Habitat Relationships of Red-Backed Salamanders (Plethodon Cinereus) in Appalachian Grazing Systems
Riedel, Breanna L.
University of Wisconsin-Stevens Point, College of Natural Resources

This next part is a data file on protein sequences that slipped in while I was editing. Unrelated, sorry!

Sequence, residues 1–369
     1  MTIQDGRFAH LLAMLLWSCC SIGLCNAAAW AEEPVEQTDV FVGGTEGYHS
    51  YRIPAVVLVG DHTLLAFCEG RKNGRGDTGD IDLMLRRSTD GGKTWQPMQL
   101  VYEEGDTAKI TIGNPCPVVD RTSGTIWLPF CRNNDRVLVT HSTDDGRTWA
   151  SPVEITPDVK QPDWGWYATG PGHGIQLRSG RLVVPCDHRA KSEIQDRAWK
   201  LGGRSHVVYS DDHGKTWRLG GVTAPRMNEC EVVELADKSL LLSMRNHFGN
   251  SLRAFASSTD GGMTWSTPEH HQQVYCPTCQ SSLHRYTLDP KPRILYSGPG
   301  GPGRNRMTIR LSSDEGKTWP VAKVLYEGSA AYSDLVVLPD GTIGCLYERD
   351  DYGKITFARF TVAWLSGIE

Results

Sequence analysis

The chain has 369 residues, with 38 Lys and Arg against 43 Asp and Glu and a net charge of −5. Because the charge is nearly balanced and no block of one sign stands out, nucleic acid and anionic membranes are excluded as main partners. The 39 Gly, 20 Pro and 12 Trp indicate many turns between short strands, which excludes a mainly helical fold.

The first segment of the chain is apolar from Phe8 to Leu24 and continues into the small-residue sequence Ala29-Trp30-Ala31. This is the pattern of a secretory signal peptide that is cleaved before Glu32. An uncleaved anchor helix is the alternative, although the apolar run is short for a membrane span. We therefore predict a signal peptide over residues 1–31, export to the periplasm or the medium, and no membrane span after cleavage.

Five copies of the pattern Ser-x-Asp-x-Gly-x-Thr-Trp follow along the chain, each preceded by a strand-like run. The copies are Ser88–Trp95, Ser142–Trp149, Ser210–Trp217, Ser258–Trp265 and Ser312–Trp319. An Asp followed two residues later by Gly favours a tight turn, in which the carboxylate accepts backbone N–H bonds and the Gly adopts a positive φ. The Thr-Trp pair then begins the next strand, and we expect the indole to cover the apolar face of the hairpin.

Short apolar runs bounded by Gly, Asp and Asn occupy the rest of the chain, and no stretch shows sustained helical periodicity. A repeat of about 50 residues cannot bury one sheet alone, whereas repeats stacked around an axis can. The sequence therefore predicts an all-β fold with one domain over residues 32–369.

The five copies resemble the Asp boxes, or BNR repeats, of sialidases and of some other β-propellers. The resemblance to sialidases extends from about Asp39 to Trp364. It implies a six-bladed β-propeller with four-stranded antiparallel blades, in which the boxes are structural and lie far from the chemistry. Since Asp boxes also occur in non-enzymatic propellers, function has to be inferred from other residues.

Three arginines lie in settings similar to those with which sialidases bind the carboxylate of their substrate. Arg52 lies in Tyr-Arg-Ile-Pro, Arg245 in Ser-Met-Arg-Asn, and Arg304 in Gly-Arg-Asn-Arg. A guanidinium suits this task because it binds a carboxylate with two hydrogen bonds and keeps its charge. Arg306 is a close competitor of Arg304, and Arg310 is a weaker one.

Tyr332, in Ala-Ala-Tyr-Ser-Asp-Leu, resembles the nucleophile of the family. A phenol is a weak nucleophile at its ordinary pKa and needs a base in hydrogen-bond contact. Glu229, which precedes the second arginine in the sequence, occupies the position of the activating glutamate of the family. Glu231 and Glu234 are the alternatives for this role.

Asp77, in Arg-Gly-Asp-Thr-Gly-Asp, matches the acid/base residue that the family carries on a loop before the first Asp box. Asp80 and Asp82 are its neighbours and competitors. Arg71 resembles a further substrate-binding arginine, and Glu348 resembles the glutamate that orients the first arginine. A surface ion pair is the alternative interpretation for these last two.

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Woodland salamanders (Plethodon spp.) are important contributors to biodiversity and trophic processes within Appalachian forests. However, altered microclimates and vegetation structure after timber harvest, such as increased soil temperatures and reduced ground cover, can result in long-term population declines of some Appalachian salamanders. If changes in forest structure following harvest alter salamander habitat quality, conversion of forests to pastures or meadows presumably would cause even more severe and permanent impacts. However, woodland salamander responses to Appalachian grazing systems are virtually unknown. Herein, I present results of research measuring responses of red-backed salamanders (Plethodon cinereus) to silvopasture and meadow conversion treatments in southern West Virginia. Artificial coverboards searches within northern red oak (Quercus rubra) silvopasture (6.7 m2/ ha basal area), hay meadow (>5 years after forest conversion), forest edge, and reference forest plots yielded 2,675 salamanders between May 2004 and November 2005. Because abundance differed significantly between years, I conducted analyses of the relationships between salamander presence and abundance and habitat characteristics separately for 2004 and 2005. Models that contained percent herbaceous vegetation and treatment type best predicted salamander presence and abundance in both 2004 and 2005. Salamander presence and abundance was positively associated with percent herbaceous vegetation and negatively associated with increasingly disturbed treatment types, such as grazed meadows and silvopastures. Ungrazed meadows had the highest average percent cover of herbaceous vegetation, followed by woodland edges. Dense herbaceous vegetation may mitigate the loss of canopy cover in habitats that are not regularly grazed by livestock, such as silvopastures and grazed meadows. I found that salamander physiological condition and adult sex ratios did not differ significantly among treatment types, whereas hay meadows had significantly more adults than other treatments. My results indicate that red-backed salamanders may be more resilient to changes in forest cover and structure than previously thought, however populations within meadow habitats may not represent healthy populations in their age structure. My Mark-recapture results indicate that salamanders in both meadows and silvopastures were dispersers from woodland habitats, rather than resident populations. Area-constrained searches showed that silvopasture and meadow habitats were unsuitable for residence of red-backed salamanders, but that salamanders may be able to use these habitats in the presence of artificial cover objects.